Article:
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ISIS makes deepest foray yet into Damascus

DAMASCUS, Syria -- Islamic State of Iraq and Syria (ISIS) militants infiltrated a Palestinian refugee camp in Damascus on Wednesday, marking the deepest foray yet by the extremist group into the capital, seat of President Bashar Assad's power, Syrian opposition activists and Palestinian officials said.

Jordan, meanwhile, closed its only functioning border crossing with Syria, following heavy clashes on the Syrian side between rebels and government forces.

ISIS fighters, who control large swaths of territory in northern Syria, entered the Yarmouk camp from the nearby Hajar Aswad neighborhood in southern Damascus and were clashing with a Palestinian group inside the camp. The Britain-based Syrian Observatory for Human Rights said the ISIS group took control of large parts of the camp.

If they gain full control of the camp, they can potentially threaten the heart of the capital.

Yarmouk, a Palestinian refugee camp in southern Damascus, has been under government siege for nearly two years. U.N. aid workers have been sending food parcels into the camp, where thousands of civilians remain trapped and in desperate need of food and medicine.

The camp had witnessed fighting in the past between government forces and militants who control much of the camp.

The Observatory reported heavy clashes in the camp between IS fighters and members of the Palestinian faction called Aknaf Beit al-Maqdis.

Anwar Raja, the spokesman for the pro-Assad Popular Front for the Liberation of Palestine - General Command, said that IS fighter entered the camp from the nearby neighborhood of Hajar Aswad where they have been based for months. He added that Wednesday's push into the camp came in coordination between IS and their rivals in the Nusra Front, al-Qaida's branch in Syria.

"The Nusra Front opened the road for them in order to infiltrate the camp and several hours ago they entered Yarmouk," Raja said by telephone. It was not immediately clear why Nusra would facilitate the entry of IS into the camp.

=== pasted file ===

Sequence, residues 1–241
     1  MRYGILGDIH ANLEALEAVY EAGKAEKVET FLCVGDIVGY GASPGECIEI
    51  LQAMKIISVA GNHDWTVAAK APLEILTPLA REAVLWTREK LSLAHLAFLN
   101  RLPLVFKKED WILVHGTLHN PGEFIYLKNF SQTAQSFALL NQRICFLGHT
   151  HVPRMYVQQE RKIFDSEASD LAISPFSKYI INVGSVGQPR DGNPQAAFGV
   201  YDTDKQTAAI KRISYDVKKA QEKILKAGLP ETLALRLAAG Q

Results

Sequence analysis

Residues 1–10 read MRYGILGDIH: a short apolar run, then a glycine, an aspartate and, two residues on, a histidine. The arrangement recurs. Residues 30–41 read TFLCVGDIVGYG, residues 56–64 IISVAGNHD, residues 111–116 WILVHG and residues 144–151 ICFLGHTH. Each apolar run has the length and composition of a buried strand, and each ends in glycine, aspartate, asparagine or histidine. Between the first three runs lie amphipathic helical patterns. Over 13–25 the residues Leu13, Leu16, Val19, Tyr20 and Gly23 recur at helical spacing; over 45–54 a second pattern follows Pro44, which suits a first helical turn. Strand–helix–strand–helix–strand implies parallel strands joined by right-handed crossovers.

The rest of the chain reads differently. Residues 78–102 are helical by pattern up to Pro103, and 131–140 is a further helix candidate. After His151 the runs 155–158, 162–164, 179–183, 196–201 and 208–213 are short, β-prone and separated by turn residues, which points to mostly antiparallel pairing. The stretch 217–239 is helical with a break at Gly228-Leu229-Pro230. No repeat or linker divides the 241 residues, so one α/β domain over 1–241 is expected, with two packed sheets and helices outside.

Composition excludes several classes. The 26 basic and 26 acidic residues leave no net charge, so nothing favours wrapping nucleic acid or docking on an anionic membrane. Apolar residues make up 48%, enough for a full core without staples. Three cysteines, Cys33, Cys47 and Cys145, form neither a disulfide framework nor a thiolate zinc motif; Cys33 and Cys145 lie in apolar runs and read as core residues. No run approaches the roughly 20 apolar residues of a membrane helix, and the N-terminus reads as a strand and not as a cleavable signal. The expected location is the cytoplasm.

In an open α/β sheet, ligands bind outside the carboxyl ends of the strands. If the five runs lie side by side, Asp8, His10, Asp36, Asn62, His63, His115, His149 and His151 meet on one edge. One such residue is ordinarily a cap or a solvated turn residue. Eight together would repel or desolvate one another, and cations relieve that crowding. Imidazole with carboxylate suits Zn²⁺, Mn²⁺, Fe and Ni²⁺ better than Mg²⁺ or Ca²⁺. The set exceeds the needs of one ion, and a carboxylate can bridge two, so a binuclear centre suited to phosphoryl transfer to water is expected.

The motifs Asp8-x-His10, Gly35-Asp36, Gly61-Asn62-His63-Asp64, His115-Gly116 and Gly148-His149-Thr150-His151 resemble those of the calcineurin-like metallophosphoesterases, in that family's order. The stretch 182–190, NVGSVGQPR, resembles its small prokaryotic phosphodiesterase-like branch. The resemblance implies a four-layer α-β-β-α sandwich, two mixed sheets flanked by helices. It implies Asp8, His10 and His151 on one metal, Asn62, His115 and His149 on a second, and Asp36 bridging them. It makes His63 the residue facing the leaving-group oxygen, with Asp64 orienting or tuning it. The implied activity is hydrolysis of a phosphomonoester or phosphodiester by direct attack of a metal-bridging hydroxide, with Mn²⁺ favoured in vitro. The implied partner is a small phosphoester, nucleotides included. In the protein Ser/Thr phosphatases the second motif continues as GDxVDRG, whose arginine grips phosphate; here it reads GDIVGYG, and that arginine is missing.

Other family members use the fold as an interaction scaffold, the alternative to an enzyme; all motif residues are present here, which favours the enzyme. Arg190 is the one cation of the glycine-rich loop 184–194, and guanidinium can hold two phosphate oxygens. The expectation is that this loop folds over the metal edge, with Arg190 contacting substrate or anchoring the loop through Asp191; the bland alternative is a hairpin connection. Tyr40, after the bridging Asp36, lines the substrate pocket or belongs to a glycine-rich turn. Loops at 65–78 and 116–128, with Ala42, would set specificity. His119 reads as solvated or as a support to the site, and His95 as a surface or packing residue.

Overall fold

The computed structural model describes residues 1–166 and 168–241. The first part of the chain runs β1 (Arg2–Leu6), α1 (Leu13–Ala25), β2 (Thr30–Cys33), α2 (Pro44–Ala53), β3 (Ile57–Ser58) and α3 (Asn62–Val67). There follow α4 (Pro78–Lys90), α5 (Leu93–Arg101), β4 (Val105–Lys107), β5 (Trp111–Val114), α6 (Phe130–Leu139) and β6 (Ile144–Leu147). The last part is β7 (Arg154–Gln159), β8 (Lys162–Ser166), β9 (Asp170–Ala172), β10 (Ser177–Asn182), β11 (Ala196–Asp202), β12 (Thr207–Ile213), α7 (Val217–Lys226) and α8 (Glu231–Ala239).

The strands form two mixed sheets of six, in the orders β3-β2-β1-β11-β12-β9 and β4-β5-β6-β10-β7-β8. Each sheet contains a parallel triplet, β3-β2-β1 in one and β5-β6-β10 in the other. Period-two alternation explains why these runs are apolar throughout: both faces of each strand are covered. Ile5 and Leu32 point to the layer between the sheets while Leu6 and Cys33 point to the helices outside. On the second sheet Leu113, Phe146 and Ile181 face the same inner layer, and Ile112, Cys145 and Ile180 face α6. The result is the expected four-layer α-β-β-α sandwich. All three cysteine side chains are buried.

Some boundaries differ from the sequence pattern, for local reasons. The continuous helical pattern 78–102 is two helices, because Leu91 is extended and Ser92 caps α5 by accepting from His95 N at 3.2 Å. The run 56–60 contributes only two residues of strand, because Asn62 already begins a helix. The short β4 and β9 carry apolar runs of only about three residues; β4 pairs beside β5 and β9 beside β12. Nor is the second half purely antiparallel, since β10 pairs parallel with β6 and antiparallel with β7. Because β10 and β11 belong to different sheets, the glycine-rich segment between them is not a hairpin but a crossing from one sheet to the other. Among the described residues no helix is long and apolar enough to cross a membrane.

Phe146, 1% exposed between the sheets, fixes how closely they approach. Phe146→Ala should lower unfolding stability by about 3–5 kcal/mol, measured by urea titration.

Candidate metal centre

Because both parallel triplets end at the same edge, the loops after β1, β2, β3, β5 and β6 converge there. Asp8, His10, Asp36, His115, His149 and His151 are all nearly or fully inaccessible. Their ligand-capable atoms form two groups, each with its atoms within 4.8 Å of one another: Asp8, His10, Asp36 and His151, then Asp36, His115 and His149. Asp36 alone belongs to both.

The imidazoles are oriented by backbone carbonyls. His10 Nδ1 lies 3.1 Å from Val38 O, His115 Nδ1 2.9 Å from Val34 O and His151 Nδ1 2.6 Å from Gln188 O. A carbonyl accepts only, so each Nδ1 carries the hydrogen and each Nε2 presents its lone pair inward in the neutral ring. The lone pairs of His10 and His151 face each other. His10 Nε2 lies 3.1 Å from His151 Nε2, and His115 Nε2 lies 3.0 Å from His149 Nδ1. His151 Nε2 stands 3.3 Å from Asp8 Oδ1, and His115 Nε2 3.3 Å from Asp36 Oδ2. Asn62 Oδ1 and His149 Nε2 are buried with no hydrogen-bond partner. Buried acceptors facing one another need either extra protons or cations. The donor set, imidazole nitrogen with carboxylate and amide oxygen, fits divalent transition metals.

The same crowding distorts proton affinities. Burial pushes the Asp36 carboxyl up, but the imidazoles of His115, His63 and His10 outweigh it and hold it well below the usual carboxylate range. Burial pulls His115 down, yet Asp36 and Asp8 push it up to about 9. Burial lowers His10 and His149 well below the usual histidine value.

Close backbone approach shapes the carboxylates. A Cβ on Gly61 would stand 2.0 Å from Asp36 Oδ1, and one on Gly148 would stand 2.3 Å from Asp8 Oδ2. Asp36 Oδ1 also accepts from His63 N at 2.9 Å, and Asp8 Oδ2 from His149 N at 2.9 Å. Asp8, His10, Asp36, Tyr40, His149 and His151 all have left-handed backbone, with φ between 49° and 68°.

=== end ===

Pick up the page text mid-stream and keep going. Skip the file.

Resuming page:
Syrian president Bashar al-Assad on the fight against ISIS

Last month, Assad told "60 Minutes" correspondent Charlie Rose that ISIS has "lost a lot of hearts and minds" in Syria.

"You cannot measure it but you can tell that the majority of the people who suffered from ISIS, they are supporting the government and, of course, the rest of the Syrian people are afraid from ISIS and I don't think they would-- I think they lost a lot of hearts and minds," Assad said.

A Syrian foreign ministry statement on Wednesday said it holds Jordanian authorities responsible for "obstructing the movement of trucks and passengers and any ensuing economic or social repercussions."

Jordanian government spokesman Mohammed al-Momani told The Associated Press that the Nasib crossing was temporarily closed late Tuesday because of clashes nearby.

"It is important for us to keep the safety for the passengers and those who are trying to cross between the two countries," he said. "So we decided to close the border temporarily, until things calm down. Then we will open it again."

A spokesman for rebels in southern Syria, Issam al-Rayess, confirmed that rebel fighters were trying to take control of the border crossing from Syrian authorities.

The Nasib crossing is the only functioning crossing between Jordan and Syria and is considered a crucial gateway for Syria's government and for Syrian, Lebanese and Jordanian traders and merchants.

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